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Russian court closes website over Pussy Riot video

A photo taken September 25, 2013 shows jailed Pussy Riot punk band member Nadezhda Tolokonnikova in a single confinement cell at her penal colony in the village of Partza
Jailed Pussy Riot punk band member Nadezhda Tolokonnikova in a single confinement cell at her penal colony in the village of Partza on September 25, 2013.

A Moscow court on Thursday stripped a news site of its licence for posting a raunchy video by female punks from the Pussy Riot band that has two of its members in jail.

The tough ruling sparked protests from both Russian reporters and a top global watchdog that warned of a further deterioration of media freedoms under President Vladimir Putin's 13-year rule.

The Rosbalt web-based news agency vowed to challenge the verdict in Russia's constitutional court and defiantly refused to shut down its site.

Rosbalt director Larisa Afinova called the decision a "precedent-setting" warning to other independent reporters operating under increasingly restrictive conditions set by Putin's government.

"This is not good for our readers, and this is not good for the government," she told the Interfax news agency.

The Moscow city court sided with the Roskomnadzor state media watchdog's request to shut down Rosbalt for its alleged disregard for Russian media laws.

Roskomnadzor said the Pussy Riot video and another clip obtained by Rosbalt off YouTube contained foul language that could be heard by impressionable minors.

Two members of Pussy Riot are currently serving terms in penal colonies for staging a protest performance inside Moscow's main cathedral in February 2012.

They were convicted of hooliganism "motivated by religious hatred" and are not due for release until March. Several other members are still wanted by Moscow police.

The Pussy Riot video in question -- posted in July on the website of America's cult Rolling Stone magazine -- has seen since been removed by Rosbalt.

But the Rolling Stone version of the "Like A Red Prison" clip shows band members wearing their traditional balaclavas and tight neon dresses while protesting the Kremlin's political dependence on big oil firms.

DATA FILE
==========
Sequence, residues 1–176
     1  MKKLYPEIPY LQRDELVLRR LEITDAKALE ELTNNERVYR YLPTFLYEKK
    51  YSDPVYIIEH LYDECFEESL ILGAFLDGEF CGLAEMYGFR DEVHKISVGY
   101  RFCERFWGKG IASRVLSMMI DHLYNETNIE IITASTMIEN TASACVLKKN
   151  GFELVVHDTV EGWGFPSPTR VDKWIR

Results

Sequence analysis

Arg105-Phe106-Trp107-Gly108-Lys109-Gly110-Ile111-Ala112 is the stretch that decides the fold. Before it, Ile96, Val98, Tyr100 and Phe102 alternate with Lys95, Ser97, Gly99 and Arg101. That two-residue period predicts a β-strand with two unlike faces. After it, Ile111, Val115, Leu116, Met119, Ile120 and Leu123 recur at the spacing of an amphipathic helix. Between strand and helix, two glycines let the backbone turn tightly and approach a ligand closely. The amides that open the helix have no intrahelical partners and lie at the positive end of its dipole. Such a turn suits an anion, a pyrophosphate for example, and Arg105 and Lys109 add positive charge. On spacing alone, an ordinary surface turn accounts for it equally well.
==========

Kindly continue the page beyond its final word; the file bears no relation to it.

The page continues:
One part of the video shows the punks climbing the roof of a petrol stationed operated by Russia's government-owned crude producer Rosneft.

The clip also features band members splashing buckets of oil on huge black-and-white photos of Putin and Rosneft chief Igor Sechin.

Rosbalt argued that it was not responsible for the videos' content and that it bleeped out the offensive language as soon as state regulators voiced their concern.

Putin's spokesman Dmitry Peskov told Russian news agencies that "it would be wrong to say that the government is putting any sort of pressure" on the media.

But he added that it would be right "for the government to put pressure on media that break the law or use expletives".

The decision shocked many Russian reporters and drew the attention of the Reporters Without Borders (RSF) global media protection group.

"This grave decision sets an extremely dangerous precedent for freedom of information in Russia and we urge the judicial system to overturn it on appeal," RSF said in a statement.

Moscow Union of Journalists chief Pavel Gusev called the ruling "a potentially very dangerous precedent for media development".

And the Kremlin's own human rights council head Mikhail Fedotov said that "with all due respect for the court, unfortunately, I cannot agree with this decision."

The perilous state of freedom of speech in Russia has been under the spotlight ever since Putin first rose to power as prime minister in 1999.

Russia's main national television stations then quickly fell under the government's influence and began to bar Kremlin critics from airtime.

The Rosbalt website was founded in 2001 and now claims to have five million unique visitors a month.

Afinova said she did not view Rosbalt as an opposition news source.

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